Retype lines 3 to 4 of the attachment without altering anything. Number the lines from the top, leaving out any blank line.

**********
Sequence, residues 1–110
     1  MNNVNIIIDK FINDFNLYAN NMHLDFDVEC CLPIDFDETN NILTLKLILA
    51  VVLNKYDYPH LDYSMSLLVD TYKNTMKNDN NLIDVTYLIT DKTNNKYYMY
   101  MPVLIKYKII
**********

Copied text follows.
    51  VVLNKYDYPH LDYSMSLLVD TYKNTMKNDN NLIDVTYLIT DKTNNKYYMY
   101  MPVLIKYKII